I just finished Anusara Teacher Training with Adam Ballenger. Wow happy it is done. These past few weeks I felt very stressed and overwhelmed. I talked to a friend about how I put so much pressure on myself, she reminded me that teaching is a refining practice. That no one expects me to teach the perfect Anusara class, so I should give myself a break. Our final project for TT was to plan a 90 minute class, with a apex pose, a principle of emphasis (P.O.E), and a heart quality. It was a different experience for me. Normally I come up with the class planing the day of or day before I teach. Inspired by my own practice, something I have learned, an experience I had.. So it was different to be planning a class for two months.

At the beginning of the teacher training we talked about our strengths as a teacher. Adam encouraged us to teach from our strength another quality. For example some of my strengths are that I am fun, fiery, and playful. It is easier for me to teach these kinds of classes. Adam said it would be really powerful if I can learn to teach a more serious, or grounded kind of class from my strengths. Not that I would let go of my strengths I don't know if I could let go of my playful attitude if I tried. But Adams point was it would make me a more powerful teachers. I thought hard about this as I planned my final project.

I decided on kindness for my heat quality. Working from the personal to the universal, in the beginning of class I said that it takes effort for me to be kind to myself. that it is much easier for me to be self criticizing, judgemental and rude to myself. However in my experience when I put effort into being my friend rather then being my enemy my life feels lie it goes more smoothly, I am a happier person, and I interact with others in a more meaningful way. I game an example of looking in a mirror, saying "do you look at your reflection like an enemy or a best friend. I would never say some of the things I say to myself that I would say to my friend."

My principle of emphasis was shins in thighs out. The effort to be kind to yourself is shins in. The outer shin muscle tends to be a lot weaker then the inner shin muscles so we used our awareness and effort to engage what I was calling "our kindness muscle" which are really the peroneus longus and peroneus brevis muscles. (These muscles pull the foot outward when we spread our fourth and fitht toes.) The first poses I taught was all about getting the students to experience this action, of shins in.  After that was established I started to teach them how with the resistance of shins in they can broaden their thighs out. Just like we only get the expansion and self softening when we put effort in being to being kind to our self. When I am my worst enemy I experience a contraction and a hardening of myself, when I am kind to myself I experience a softening and an expansion.

In one of the many pages of notes I created thinking up this class I had written in big letters. HOME RUN! Where am I going to nail the link of kindness to S.I.T.O? Most of the class my link was emotional but I also wanted to make a literal link of the theme to the heart quality. Adam loves the literal links. My home run was: I pointed out that doing S.I.T.O is a very therapeutic and kind thing you can do for your knees, hips, and low back. (My critique in the end was to link it more, explaining why it is therapeutic. When you draw the shins in and widen the thighs you are aligning the knees in such a great way and you are training your body to be able to hold that alignment. This therapeutic alignment also creates space in the hips and low back that rarely gets the chance to move and often becomes fussed (non movement possible) with age).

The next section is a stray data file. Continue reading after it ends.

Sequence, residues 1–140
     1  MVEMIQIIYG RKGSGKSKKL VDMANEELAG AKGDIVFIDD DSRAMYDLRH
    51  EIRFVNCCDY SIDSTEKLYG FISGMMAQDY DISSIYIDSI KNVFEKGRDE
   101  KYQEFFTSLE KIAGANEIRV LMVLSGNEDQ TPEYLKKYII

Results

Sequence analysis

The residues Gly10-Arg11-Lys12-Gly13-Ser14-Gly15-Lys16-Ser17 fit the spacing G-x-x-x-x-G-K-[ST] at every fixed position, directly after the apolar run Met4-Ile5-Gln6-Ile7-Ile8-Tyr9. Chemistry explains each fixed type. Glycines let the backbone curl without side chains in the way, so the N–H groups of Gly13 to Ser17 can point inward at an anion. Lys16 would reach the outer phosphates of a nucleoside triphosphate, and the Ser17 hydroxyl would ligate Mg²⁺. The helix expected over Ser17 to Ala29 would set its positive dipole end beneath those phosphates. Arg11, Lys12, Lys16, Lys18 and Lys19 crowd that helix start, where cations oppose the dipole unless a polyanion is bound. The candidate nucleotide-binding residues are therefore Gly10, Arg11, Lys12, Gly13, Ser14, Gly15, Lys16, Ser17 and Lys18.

The apex pose was parvrita ardha chandrasana chapasana. We moved through some Surya Namaskars while squeezing a block between the shins. Did some lunges. We moved to the wall to get our quads really open, Did splits up the wall and splits on the floor with the foot pushing into the baseboard. We got the hips, legs, shoulders way open.

I had planned planned planned (my main mistake thinking I could be perfect). As the final teacher training approached the more nervous I became. When it was my turn to teach I felt myself freeze up. I have been teaching yoga for five years and have built up some confidence as my role of the yoga teacher. But teaching to a group of teachers and teaching to my main teacher, Adam, was hard for me. As I taught I could feel part of myself go into auto pilot. One of my main auto pilot modes it teaching commentaries instead of actions:
  •  arms circle out around and up vs. reach your arms out around and up
  • hands frame the foot vs. place your hands so they frame your foot
  • feet move back as you lower down chataranga vs. step your feet back, bend your elbows and lower down
After I taught the class and got feedback. I did good at: giving the students ways to measure if they were doing the action, clever sequence, fun attitude... Main things to refine were: linking the theme to the principle of emphasis, giving action commands instead of commentaries... Listening to the feedback was great. I love hearing what I am doing good and what I need to work on. While Adam was talking instead of saying "you talked about how it takes effort for you to be kind to you self" he was saying "you talked about how sometimes you are not kind to yourself". Its the same thing but hearing someone else say it that way was hard. It was a vulnerable topic for me to teach, and although I taught it to myself many times, and practiced with my husband. After I got the reviews I felt this wave of emotion hit me.